• As used herein, the phrase “natural language processing” (NLP) should be interpreted broadly. For instance, one use of the phrase is where product inventory, demographic, commodity, and even transaction data is provided to a data ingress pipeline for detection, cleansing, normalizing, extracting, mapping, standardizing, storing, and model building. This ingress pipeline is able to utilize core engine libraries and models. The core engine leverages different types of AI/Machine Learning techniques including NLP, deep learning, and other classification methods, reinforcement learning, various clustering and optimization techniques, decisioning systems, and semantic knowledge representation. Also, non-AI processes (e.g., statistical methods, distributed big data pipelining and analytics, and web crawling) are in that core engine as well. A later section of this document will provide even further information regarding machine learning and NLP.
  • Another use of the NLP phrase is for the search process. That search operation may also use the core AI engine and may also perform upfront NLP specific work. Yet another use of the NLP phrase refers to the description of actual NLP type work such as extracting components and relationships in various textual aspects. Further details will be provided later. Accordingly, NLP can refer to any of the machine learning processes mentioned herein.
  • Additionally, one will appreciate how the term “recipe” should also be interpreted in a broad manner. For instance, explicitly encoded knowledge such as a food recipe or parts of a bill of materials are included in the term recipe. Additionally, tacitly derived or inferred knowledge, such as how products are used together or how stores place products together, should also be included in the interpretation of a recipe. As such, both explicit and inherent or inferential recipes are included herein.
  • As will be described in more detail later, in some cases, there may be different distinct flows, including: an ingestion flow, a search flow, and a selection flow. For example, in the ingestion flow, a merchandiser will provide inventory data and transaction history inventory data. This data is then categorized via the core AI engine. The transaction data may be clustered in a variety of ways for personalization. In some cases, the merchandiser may maintain a database of records that list items purchased for any number of customers. The information included in the database can be the inventory and transaction history mentioned above.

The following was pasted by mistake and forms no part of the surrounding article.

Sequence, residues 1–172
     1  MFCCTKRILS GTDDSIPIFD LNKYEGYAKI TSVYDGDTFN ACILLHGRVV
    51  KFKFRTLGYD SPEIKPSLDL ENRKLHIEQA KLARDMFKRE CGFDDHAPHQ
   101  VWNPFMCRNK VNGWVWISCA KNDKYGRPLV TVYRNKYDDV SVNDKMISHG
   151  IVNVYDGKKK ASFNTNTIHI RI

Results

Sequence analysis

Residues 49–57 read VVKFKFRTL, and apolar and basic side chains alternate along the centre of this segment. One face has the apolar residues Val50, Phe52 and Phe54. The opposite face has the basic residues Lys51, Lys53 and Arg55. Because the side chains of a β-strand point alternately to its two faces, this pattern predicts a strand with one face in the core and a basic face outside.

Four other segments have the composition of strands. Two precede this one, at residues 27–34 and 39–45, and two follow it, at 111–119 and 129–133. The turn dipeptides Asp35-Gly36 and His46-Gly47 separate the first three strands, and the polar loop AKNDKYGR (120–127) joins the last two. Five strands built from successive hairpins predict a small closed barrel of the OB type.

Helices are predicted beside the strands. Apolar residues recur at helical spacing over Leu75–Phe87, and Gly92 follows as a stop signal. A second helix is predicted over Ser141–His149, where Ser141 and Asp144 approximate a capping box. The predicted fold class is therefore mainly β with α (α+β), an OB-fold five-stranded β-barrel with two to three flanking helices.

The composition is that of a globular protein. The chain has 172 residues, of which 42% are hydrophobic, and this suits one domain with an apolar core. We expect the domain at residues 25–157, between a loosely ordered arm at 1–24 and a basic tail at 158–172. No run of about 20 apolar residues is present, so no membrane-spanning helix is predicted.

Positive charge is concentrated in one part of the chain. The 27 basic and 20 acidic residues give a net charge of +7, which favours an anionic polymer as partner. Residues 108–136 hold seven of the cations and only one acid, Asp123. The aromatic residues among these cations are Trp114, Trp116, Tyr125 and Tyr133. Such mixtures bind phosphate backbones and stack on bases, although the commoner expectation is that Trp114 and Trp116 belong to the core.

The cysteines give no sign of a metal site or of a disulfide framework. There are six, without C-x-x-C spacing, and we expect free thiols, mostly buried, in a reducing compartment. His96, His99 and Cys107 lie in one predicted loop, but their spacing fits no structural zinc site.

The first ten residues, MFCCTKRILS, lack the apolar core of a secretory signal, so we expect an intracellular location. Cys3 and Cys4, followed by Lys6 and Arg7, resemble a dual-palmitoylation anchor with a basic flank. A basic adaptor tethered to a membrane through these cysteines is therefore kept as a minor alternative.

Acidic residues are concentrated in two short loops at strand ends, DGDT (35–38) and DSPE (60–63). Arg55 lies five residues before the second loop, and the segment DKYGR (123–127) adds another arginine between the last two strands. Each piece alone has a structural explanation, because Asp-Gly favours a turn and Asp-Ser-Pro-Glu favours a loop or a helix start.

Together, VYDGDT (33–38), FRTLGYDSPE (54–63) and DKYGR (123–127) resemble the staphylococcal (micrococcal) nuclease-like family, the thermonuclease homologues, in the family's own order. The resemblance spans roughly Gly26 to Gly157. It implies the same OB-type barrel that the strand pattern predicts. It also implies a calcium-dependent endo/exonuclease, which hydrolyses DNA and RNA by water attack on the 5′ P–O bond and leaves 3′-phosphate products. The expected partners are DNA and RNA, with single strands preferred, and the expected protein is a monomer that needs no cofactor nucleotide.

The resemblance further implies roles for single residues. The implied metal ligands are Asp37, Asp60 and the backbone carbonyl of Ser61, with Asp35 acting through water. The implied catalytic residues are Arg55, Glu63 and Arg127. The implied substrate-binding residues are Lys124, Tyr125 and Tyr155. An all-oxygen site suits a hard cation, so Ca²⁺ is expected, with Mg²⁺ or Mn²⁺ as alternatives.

• In the search flow, a user searches for products. Here, NLP is used to interpret and search. For instance, the categorized inventory is searched against the system's interpretation of the user's input. In some cases, the merchandiser's own database may be used or queried to perform the disclosed search operations. The embodiments are able to monitor how consumers interact with the store's products. Accordingly, the embodiments are able to receive a product inventory from a merchandiser and map those items to a knowledge representation of products (e.g., food and other products). When a consumer interacts with the system, the embodiments utilize these repositories of information in order to enhance the consumer's experience. In the situation where a consumer performs a search, then the embodiments utilize NLP to determine what the consumer is searching for, as will be described in more detail later. Accordingly, each time a new product is added to a merchandiser's inventor, it may be the case that the embodiments remap the products and the inventory to make connections between those items, as will be described in more detail later.
  • In the selection flow, personalization from past transactions and current cart selection is applied in the selection flow. For instance, the user can select items for cart personalization from past transactions and from the current cart. In some implementations, instead of reevaluating or recomputing recommendations each time an item is placed in an electronic shopping cart, the embodiments are able to leverage past purchase information and use that past purchase information to submit new recommendations (as opposed to performing NLP processing on current items in the shopping cart). As such, the embodiments are able to leverage or capitalize on the inventory and transaction history to make current recommendations. Addition details on these features will be provided later.
  • While the present disclosure focuses on electronic shopping carts and online shopping, in at least one embodiment, the present invention may be utilized within a physical brick-and-mortar store. For example, the user's items may be scanned during the check-out process by a cashier or by the user in a self-check-out. During the scanning process, the point-of-sale computer system may display other items to the user that are recommended purchases based upon the scanned items.
  • Examples of Technical Benefits, Improvements, and Practical Applications